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on 20 August 2008
If you like your TV shows as dumb as they come this is the TV show for you. First off the two leads cant act to save there life yer sure there "pretty boys" and im sure thats the only reason they got the job on this lol cause these guys really cant act, but they shouldnt feel to bad because the rest of the cast cant act either. Also when you watch it it feels like it was done onthe cheap like they only had $2000 to spend on making the series and they blew half on paying for the jensen guys hair gel. On the plus side this series does have its good points one or two, if you can leave your brain at the door before you sit and watch this you will enjoy it just dont expect much from it
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on 27 April 2010
I waited till the price on this was really low before buying, so I can't really gripe that I threw good money away. Is it X-Files for the MTV generation? More like Buffy for the Britney generation - low IQ, easily pleased, a 3 minuite attention span. Clearly aimed at young teens who haven't seen any other TV in their life to realise it's all a big cliche and been done before. Rather than horrific, it's just horrid - and there's a big difference there. A few decent moments save it from being total tosh but honestly it's not stuff you'd want to huint down to watch and would probably only watch it if it happened to be on and you'd lost the remote. You can easily imagine the episodes split up among Lady Gaga music videos. And the underlying storyline - two kids searching for their dad who has vanished on a bug hunt of his own - is so thin that it's hard to expect it to last one season, let alone 5.
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on 4 February 2009
Didn't like this too much. The series had no 'That was great, shall we watch the next episode' factor at all. Really lame plot lines which after three or four episodes start to resemble a formula, ie the two main characters roll into a small backwater town and muddle through helping out the locals (usually including an attractive girl) in some 'supernatural' mystery. If they had two girls and a dog with them I'd swear I was watching a live action version of Scooby Doo! The two main leads are obviously appealing to the teen and 20 something crowd who no doubt form a large part of the target audience but as regards charisma and acting skills, no way. I gave the show five chances to capture my attention but after this number of episodes the box set found its way into a cupboard to gather dust and then to the local PDSA charity shop. To compare this show to the X Files is a big insult to the later. No doubt this review will have the 'Supernatural' lovers wolf pack (or should that read sheep flock?) clammering for the NO button!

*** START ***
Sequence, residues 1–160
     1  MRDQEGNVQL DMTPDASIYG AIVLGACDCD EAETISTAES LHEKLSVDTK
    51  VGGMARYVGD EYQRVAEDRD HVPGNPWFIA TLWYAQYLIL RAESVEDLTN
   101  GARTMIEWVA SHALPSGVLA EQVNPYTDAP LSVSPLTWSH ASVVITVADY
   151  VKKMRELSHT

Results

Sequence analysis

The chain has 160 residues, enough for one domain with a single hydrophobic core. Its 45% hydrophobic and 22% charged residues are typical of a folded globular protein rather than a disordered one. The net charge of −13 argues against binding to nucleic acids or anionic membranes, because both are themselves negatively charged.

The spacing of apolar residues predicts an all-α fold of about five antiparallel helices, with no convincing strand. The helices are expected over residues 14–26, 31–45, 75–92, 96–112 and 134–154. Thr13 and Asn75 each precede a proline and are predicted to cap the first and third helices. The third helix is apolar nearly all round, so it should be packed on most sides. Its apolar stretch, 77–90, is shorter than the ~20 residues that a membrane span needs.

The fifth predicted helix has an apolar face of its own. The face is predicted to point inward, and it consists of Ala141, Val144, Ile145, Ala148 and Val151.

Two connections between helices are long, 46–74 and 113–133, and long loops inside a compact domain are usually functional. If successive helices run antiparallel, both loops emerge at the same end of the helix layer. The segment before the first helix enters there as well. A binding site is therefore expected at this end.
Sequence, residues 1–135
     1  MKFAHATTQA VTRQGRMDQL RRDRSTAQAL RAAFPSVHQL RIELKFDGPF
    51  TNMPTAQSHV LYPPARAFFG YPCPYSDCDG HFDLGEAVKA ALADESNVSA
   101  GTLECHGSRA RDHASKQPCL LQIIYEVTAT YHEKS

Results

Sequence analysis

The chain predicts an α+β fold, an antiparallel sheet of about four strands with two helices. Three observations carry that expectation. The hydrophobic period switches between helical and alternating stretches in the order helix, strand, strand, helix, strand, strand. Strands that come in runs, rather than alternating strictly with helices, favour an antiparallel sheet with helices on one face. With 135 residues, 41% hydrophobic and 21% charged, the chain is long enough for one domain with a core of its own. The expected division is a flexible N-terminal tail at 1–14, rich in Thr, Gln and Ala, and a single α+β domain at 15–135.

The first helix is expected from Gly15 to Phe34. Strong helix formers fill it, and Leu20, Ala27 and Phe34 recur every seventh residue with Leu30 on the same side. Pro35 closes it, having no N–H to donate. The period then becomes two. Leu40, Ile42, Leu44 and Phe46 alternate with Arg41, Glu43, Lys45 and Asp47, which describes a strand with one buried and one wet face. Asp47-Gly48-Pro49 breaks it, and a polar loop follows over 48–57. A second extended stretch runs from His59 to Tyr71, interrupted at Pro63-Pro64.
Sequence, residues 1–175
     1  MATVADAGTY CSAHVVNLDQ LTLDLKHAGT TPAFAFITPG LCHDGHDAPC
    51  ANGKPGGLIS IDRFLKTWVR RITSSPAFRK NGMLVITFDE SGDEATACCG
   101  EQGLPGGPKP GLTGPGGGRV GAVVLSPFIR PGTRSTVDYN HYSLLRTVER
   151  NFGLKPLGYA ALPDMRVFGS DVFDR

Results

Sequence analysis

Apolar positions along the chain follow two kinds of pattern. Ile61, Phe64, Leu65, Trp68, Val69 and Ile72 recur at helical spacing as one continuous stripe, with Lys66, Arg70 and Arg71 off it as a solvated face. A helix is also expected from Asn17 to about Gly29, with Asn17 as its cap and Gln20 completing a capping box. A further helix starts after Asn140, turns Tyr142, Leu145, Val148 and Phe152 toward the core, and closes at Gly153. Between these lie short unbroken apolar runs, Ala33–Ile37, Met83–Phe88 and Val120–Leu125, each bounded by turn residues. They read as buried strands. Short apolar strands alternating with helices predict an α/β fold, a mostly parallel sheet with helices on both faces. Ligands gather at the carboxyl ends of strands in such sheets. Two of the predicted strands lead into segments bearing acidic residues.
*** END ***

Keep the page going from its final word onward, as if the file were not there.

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on 14 March 2012
A long-time fan of Supernatural, I have recently gone back to watch it again from the beginning. Season 1 remains one of the best opening seasons of any I have seen. It starts out from the very beginning in exactly the way it means to go on. Its "different horror movie every week" concept (as described in the documentary that accompanies it) works perfectly, the classic car, classic rock and American road trip elements work perfectly, and at the core of it, it's a series about family - in particular the relationship between the two initially estranged brothers and their missing father. The core elements of an overall story arc are put straight in front of you in the pilot, and small clues and story points are placed sparingly throughout what in this series are mostly stand-alone episodes based around classic horror themes and urban legends. Towards the end of the season, the tension racks up and it leads towards a thoroughly heart-pounding final two episodes, and one of those cliff-hangers that comes at you out of nowhere.

If you've missed out on Supernatural so far, then you should consider buying the box set, but I know many people started buying individual seasons on DVD after it switched TV channel here in Britain, and to those people I would say it's well worth going back and revisiting it from the start as I have, for the stories really do bear up well to repeat viewing.